is the subject of my Trade Tripper column in this Friday-Saturday issue of BusinessWorld:
Recently, a television talk show host had a discussion on gay marriages, which ended with her labeling those opposing such marriages as "living in the dark ages." Such display of self-righteousness exemplifies the problem faced by those who seek an honest and intelligent discussion on the subject. Uninformed categorizations, resort to insults of bigotry or intolerance, and popular media’s penchant for emphasizing emotion rather than facts will not make us nearer to approaching a proper national determination on the issue of same sex unions.
On several aspects, same sex unions present a bewildering number of complications, particularly in relation to constitutional, labor, civil status, contract, education, welfare, tax, and even penal law provisions. The most obvious area of contention would be with regard to the extent that conscience rights of citizens have leeway in approaching the issue. From there would be a gamut of other questions, from adoption to welfare and tax benefits to employer rights (and, yes, employers have rights), specifically in education, the military, or charitable institutions.
Contrary to the CNN-fixated, the announcement by US President Barack Obama supporting gay marriages is, in the larger scheme of things, virtually inconsequential. The statement (a change in position that Obama defenders declare as an "evolution") was made in the midst of an impending campaign to retain the presidency and -- this according to gay rights activist Andrew Sullivan himself -- to acquire funding from gay supporters and to court the youth vote.
However, this does not eradicate the fact that of the 50 states that make up the United States, only six allow gay marriages, while 42 states have laws specifically banning it. There is also the federal Defense of Marriage Act, which declares that no US state can be compelled to recognize same sex unions, marriage being defined as that between a man and a woman. It is worth noting that the Act was signed into law by US President Bill Clinton and supported by huge majorities in Congress.
All of this must be taken under the context of international law. The UN Human Rights Committee (in Joslin vs. New Zealand, Communication No. 902/1999) declared that marriage under Article 23.2 of the International Covenant on Civil and Political Rights refers expressly to "’men and women’, rather than ‘every human being’, ‘everyone’ and ‘all persons’" and, thus, the conclusion that, under the ICCR, marriage could only be a "union between a man and a woman."
The European Court of Human Rights certainly supported this reading, repeatedly holding that gay marriage is not a human right. In Gas and Dubois vs. France (Application No. 25951/07; 2012), the ECHR stated that the European Convention on Human Rights do not require member states to allow marriage to homosexual couples. The ruling essentially reiterated the ECHR’s finding in Schalk and Kopf v. Austria (Application no. 30141/04; 2010), which pointed out that, despite very detailed arguments by the homosexual lobby, there is simply "no right to marriage for homosexuals under the European Convention of Human Rights."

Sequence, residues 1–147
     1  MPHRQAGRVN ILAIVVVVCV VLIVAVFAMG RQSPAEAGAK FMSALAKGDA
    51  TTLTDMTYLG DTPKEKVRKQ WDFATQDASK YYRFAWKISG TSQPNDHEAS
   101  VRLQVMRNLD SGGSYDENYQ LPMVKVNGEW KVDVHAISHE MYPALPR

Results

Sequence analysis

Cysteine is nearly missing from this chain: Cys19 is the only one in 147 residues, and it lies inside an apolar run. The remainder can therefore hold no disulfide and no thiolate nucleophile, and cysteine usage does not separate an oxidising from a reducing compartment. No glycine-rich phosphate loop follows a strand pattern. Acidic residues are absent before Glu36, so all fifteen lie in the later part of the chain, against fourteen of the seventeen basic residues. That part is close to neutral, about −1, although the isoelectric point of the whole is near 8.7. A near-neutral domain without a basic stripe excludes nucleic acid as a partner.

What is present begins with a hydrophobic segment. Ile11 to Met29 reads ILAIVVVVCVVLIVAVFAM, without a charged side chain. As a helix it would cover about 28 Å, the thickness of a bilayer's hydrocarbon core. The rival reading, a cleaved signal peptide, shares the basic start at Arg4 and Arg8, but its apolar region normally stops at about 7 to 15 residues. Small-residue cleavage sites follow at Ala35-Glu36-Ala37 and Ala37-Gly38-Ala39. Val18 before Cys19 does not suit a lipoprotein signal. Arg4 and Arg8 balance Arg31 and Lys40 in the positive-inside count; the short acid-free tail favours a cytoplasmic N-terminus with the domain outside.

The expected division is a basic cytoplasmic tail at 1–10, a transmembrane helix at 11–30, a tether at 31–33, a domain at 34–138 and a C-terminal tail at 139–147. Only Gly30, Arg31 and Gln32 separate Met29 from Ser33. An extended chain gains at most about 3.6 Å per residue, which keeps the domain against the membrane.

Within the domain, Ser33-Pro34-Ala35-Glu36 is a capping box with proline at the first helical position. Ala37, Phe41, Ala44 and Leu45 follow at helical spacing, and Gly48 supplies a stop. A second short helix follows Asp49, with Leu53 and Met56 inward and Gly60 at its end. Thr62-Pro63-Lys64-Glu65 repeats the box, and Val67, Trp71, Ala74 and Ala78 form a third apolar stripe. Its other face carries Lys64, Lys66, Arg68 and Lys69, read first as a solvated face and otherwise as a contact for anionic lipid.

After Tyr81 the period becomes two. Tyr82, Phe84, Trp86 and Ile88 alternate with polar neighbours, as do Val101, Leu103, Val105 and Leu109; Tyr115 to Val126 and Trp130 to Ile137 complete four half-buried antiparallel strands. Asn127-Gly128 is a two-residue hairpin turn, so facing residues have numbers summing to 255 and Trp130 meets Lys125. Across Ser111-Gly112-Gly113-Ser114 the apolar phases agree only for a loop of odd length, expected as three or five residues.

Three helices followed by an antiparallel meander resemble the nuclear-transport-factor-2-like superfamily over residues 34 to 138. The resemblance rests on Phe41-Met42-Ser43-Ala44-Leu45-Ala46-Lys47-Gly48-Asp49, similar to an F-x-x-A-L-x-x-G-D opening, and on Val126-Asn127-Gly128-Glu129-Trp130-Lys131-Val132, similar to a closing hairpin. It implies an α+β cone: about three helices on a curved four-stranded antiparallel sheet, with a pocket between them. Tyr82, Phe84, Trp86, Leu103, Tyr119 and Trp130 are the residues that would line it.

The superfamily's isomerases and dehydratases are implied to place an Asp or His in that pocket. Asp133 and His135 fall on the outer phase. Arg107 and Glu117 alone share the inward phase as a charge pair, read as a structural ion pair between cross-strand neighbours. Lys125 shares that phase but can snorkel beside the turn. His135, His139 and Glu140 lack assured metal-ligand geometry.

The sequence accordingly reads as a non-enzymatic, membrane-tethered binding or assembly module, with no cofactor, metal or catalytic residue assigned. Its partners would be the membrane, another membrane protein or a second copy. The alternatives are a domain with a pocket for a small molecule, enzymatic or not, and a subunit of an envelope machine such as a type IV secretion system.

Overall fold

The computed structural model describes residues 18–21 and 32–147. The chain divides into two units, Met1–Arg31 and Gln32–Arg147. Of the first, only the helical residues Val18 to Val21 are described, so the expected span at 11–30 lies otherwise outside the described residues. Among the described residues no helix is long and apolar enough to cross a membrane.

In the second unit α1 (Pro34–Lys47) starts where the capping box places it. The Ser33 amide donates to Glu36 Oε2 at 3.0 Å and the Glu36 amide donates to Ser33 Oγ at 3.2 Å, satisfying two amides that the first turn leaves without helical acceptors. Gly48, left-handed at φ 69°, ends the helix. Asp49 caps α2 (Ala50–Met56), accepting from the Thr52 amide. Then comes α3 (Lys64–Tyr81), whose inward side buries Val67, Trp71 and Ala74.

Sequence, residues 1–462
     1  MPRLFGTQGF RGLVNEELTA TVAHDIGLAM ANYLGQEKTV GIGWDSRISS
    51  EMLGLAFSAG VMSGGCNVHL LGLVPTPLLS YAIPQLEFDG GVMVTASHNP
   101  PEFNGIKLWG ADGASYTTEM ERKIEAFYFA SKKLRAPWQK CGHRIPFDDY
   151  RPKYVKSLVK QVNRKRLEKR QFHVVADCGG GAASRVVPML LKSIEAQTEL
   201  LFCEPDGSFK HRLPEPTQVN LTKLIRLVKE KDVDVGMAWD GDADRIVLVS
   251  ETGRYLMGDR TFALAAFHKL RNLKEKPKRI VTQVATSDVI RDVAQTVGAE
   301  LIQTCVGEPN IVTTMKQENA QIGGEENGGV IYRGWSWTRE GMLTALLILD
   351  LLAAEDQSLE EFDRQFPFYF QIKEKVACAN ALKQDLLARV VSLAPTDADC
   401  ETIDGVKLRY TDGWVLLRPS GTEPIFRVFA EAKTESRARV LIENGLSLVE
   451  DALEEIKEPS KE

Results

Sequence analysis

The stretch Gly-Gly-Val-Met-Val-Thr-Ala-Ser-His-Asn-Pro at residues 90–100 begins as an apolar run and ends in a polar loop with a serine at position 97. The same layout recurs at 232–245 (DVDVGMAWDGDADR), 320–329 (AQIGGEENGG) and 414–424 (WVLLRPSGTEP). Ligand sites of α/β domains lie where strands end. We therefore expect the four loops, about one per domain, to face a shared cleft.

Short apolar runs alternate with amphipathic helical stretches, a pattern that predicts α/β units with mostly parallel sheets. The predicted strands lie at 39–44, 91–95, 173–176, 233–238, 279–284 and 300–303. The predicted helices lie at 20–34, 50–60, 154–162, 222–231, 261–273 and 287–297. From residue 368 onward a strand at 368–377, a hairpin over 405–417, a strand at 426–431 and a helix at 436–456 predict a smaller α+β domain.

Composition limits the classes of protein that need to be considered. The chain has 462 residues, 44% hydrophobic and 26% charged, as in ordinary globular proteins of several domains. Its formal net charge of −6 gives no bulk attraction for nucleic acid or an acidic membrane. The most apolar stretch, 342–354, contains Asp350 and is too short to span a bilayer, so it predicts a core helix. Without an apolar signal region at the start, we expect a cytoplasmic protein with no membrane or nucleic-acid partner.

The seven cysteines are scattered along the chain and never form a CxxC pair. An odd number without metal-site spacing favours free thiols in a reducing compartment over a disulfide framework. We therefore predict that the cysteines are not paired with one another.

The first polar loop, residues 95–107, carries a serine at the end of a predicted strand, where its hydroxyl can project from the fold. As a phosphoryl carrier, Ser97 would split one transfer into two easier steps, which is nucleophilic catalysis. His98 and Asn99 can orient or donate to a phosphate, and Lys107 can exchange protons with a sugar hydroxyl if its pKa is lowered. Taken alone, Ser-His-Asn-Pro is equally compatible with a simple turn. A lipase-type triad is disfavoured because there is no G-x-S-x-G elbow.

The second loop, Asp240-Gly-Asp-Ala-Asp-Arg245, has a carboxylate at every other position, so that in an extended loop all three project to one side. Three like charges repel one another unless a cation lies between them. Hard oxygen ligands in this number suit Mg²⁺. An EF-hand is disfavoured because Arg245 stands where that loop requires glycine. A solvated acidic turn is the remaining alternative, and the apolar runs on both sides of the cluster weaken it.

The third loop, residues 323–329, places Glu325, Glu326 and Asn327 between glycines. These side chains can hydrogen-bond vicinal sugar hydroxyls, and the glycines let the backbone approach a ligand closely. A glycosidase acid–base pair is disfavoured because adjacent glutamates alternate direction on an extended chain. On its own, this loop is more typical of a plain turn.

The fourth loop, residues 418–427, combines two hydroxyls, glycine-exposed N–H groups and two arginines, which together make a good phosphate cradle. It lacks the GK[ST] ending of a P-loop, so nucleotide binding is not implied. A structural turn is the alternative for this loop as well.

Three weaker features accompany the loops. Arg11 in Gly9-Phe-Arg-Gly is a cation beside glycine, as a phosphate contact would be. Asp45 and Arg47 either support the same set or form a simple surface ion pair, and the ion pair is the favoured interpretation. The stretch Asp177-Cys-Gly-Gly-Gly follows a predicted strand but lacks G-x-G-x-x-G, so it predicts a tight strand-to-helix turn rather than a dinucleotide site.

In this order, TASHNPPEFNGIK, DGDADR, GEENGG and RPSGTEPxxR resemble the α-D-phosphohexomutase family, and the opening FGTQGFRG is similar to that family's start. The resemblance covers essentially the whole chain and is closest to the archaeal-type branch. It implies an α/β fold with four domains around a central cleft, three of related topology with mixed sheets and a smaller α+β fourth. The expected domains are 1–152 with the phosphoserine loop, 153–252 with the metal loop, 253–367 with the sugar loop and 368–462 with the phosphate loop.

The substantive take-away from both rulings is the fact that there is no international legal obligation for States to recognize homosexual unions. Definitely, no such obligation exists under the ICCR or ECHR. And neither can such obligation be found under customary international law. The latter requires the combination of two elements: "practice" and "opinion juris." The latter is arguably absent considering the two above-mentioned rulings. In the case of "practice," it would be very hard to argue the presence of such when one considers that amongst the around 200 countries in the world, only 10 authorize same sex marriages. Again, context is important. As pointed out by Time Magazine’s Dan Fastenberg ("International Gay Marriage," 2010), "nine of the 10 countries that have legalized gay marriage operate under the civil-law system. That tradition...was the basis of the Napoleonic Code, created by the French leader to subvert the church." In other words, politics and power, rather than social, familial, or cultural considerations, contributed to the legalization of such unions.
Finally, the ECHR in Gas and Dubois made a crucial point: in denying such same sex unions, no wrongful discrimination was made. Again, contrary to what most people think, laws (including our Constitution) do allow for discrimination. What a just system does not allow is "wrongful discrimination." As Richard W. Garnett, Law Professor at Notre Dame Law School, says: "it is not true that ‘discrimination’ is always or necessarily wrong. Nor is it the case that governments always or necessarily should or may regulate or discourage it -- say, through its expression and spending -- even when it is wrong. ‘Discrimination,’ after all, is just another word for decision-making, for choosing and acting in accord with or with reference to particular criteria."
One thing to be noted: no religious doctrines were resorted to in this article. Instead, legal (particularly international law, indirectly natural law) form the core of the discussions made above.